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February 2014

What Makes Up Back Matter In A Book?

By Bobbi Linkemer

Earlier in the year we published a post about what front matter in a book is. In this post, we will discuss back matter, the information that is published at the end of a book and follows the chapters or basic text.

Although there are no must-adhere-to rules, you will find that back matter generally includes specific information. The following identifies the most common information found in back matter.

Bibliography. If you have read other books and quote other authors and professionals, a bibliography is a way of acknowledging these sources - this in addition to noting the sources in your copy or with footnotes. A bibliography also gives readers a list of references to read if they wish to dig more deeply into your subject.

Appendices. Sometimes, you have so much background information or detail that if you included all of it in the main body of your work, you might overwhelm your reader. That is what appendices are for. Appendices offer a good place to put scientific data, charts, reports and detailed explanations without disrupting the flow of your text.

Glossary. This is an optional, alphabetically arranged dictionary of terms peculiar to the subject of your book. 

Epilogue. If you have "one last thought," this is the place to express it.

Index. When a book is filled with facts or topics a reader might want to find quickly, an index is the fastest way to find them. There are two types of indexes - subject matter and detailed. The best recommendation is to hire a professional indexer instead of using the index feature of your word processing program.

Building a book is like building anything else. Adding back matter to your book is one way to enhance the reading experience of your book.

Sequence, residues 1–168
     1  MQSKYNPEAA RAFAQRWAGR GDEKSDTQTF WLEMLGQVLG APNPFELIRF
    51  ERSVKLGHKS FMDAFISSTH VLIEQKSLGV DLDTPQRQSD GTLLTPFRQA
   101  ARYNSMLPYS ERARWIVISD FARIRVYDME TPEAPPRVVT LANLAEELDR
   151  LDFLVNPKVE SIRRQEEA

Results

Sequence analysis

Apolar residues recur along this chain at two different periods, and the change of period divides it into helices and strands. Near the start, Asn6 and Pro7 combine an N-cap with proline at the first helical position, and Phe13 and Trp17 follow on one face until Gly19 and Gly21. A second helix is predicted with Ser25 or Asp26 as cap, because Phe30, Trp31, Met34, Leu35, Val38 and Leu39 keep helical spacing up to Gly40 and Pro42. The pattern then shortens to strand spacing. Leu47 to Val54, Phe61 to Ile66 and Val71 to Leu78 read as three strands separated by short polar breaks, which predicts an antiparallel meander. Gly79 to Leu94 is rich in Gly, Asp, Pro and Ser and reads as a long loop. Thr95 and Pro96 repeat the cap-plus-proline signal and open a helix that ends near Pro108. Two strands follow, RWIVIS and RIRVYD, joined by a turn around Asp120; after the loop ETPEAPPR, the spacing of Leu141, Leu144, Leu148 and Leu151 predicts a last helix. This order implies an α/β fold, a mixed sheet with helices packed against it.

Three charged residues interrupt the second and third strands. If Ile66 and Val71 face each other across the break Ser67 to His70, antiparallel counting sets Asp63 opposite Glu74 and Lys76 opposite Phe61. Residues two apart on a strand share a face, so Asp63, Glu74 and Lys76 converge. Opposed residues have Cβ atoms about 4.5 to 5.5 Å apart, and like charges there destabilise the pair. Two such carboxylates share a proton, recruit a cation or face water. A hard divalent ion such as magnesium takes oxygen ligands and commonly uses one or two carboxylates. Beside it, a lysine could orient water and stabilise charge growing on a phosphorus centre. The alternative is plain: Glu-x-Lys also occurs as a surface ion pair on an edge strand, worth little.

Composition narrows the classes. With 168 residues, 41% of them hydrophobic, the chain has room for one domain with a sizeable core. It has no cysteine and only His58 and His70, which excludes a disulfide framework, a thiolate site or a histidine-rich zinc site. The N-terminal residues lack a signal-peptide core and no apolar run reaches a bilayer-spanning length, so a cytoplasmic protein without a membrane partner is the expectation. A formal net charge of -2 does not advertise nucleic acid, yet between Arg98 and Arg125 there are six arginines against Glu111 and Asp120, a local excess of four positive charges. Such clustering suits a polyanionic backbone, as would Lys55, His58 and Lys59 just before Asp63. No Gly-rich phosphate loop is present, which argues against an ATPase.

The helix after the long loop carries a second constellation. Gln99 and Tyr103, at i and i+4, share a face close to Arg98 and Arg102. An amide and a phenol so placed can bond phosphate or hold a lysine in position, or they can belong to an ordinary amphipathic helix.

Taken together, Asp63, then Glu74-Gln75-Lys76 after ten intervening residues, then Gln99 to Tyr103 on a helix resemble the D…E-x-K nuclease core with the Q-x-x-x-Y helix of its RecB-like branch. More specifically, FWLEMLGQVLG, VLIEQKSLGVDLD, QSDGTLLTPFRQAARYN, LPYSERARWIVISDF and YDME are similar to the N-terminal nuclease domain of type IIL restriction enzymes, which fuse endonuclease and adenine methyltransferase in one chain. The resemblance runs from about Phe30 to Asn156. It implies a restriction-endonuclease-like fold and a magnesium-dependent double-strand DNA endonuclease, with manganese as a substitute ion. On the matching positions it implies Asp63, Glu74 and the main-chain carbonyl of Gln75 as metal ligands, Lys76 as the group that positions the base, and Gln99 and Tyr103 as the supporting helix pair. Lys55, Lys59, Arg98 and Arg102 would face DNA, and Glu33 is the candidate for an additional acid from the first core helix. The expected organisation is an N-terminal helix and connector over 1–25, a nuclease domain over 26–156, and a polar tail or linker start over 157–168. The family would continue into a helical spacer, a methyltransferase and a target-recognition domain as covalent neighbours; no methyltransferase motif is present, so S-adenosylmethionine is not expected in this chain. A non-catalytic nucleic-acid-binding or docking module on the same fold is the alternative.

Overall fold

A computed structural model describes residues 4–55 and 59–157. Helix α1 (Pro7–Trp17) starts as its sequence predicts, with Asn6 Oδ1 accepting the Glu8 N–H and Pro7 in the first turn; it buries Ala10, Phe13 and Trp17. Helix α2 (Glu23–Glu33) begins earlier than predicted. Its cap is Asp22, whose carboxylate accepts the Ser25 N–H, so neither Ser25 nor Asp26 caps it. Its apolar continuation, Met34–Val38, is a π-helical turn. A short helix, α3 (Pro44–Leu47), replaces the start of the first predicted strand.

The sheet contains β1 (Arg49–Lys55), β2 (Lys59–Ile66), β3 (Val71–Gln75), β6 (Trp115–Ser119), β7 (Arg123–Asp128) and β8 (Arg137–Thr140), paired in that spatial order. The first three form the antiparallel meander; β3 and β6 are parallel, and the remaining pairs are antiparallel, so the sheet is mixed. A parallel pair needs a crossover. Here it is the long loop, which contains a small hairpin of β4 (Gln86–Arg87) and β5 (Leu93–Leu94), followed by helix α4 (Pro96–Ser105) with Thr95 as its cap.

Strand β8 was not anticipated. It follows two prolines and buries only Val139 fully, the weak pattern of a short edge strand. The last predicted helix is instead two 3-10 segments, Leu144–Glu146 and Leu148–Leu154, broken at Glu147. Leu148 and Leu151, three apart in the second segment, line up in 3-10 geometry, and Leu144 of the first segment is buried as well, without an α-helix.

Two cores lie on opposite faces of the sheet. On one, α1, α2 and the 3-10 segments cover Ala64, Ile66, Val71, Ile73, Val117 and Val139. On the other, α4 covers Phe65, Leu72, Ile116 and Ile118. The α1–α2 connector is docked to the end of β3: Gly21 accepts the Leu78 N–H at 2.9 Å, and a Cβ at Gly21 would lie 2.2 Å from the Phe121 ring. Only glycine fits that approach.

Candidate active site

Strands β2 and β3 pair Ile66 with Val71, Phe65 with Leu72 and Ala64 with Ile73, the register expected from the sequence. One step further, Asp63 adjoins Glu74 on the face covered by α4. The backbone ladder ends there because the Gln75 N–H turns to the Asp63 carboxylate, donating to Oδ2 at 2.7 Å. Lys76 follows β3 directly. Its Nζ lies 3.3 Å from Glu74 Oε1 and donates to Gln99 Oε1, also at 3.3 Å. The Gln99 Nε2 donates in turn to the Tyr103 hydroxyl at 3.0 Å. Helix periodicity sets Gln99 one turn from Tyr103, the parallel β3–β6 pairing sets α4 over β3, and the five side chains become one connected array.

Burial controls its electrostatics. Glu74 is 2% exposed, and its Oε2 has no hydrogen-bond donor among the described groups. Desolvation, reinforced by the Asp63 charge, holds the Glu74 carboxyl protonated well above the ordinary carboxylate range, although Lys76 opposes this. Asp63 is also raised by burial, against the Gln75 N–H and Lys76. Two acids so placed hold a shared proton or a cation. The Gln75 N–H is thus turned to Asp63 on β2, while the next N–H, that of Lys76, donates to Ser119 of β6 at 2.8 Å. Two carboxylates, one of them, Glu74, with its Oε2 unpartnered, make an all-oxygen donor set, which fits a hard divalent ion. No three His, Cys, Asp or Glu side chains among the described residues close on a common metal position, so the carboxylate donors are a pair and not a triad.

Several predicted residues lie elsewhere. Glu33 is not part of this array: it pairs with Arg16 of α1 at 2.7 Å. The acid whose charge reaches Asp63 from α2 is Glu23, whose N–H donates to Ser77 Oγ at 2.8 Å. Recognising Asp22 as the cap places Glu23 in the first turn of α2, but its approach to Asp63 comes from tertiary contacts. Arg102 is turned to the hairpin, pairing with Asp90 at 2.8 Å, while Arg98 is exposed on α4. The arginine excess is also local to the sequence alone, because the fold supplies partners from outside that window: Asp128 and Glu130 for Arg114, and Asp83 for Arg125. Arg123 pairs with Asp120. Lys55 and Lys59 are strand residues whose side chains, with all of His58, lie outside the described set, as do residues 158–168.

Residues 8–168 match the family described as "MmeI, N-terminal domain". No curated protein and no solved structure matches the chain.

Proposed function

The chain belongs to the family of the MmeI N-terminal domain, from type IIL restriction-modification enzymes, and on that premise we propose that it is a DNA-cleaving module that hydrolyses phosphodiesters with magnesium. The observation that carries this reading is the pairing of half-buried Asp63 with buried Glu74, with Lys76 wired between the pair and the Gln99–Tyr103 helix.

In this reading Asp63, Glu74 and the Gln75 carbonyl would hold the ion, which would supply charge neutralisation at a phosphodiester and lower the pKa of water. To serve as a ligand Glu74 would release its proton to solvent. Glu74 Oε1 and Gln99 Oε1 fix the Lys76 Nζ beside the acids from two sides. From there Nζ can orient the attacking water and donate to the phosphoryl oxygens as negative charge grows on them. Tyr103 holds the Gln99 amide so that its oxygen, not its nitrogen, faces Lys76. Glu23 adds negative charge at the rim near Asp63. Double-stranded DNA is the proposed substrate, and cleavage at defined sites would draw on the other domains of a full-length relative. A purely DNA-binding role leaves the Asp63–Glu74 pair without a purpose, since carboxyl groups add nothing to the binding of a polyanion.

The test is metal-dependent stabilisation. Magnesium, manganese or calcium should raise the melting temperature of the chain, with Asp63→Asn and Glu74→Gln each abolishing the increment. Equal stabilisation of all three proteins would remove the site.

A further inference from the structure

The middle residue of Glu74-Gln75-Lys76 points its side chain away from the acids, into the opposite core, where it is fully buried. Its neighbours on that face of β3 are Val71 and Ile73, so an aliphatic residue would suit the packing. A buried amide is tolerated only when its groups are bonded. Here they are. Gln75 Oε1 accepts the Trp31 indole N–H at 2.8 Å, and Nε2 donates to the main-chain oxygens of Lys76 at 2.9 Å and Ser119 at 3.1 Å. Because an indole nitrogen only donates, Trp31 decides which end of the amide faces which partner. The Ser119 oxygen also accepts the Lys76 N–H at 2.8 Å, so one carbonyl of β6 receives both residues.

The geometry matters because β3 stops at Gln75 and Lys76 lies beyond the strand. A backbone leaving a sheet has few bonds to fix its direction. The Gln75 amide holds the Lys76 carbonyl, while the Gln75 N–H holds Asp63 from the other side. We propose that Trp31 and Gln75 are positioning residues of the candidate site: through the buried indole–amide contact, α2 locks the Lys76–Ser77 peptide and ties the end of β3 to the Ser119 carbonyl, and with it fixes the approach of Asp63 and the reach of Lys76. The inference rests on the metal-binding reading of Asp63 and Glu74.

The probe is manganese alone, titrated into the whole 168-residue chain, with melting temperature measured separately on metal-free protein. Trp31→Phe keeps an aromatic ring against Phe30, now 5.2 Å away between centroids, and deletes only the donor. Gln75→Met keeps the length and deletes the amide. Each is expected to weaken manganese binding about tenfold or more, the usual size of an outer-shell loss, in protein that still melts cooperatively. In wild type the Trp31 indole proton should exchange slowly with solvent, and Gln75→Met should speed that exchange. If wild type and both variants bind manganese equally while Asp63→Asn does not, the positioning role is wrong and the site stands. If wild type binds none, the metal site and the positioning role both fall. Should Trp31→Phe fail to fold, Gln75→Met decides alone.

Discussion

[The majority of this post  was created, with permission, from excerpts taken from How to Write a Nonfiction Book, from planning to promotion is 6 simple stepswritten by Bobbi Linkemer. To visit her website, go to http://www.WriteANonfictionBook.com.]

The Science and Art of Pricing Your Book - Part 2

By Karen Hodges Miller

One of the primary reasons I suggest authors develop a public speaking program is the direct sales that can be generated from attendees at the back of the room.  The upside is that such sales earn the author the greatest return per book. The downside is the limited number of people who can be reached directly. It therefore makes great sense to have a variety of methods to enable people to buy your book.


Most book publishers have a book royalty system set up for books  that they sell for you. These royalties  can vary greatly from publisher to publisher. Although the percent royalty may appear small when compared to direct selling, when comparing it's important to consider the printing, shipping, storage and processing cost you no longer would incur.

Wholesale Pricing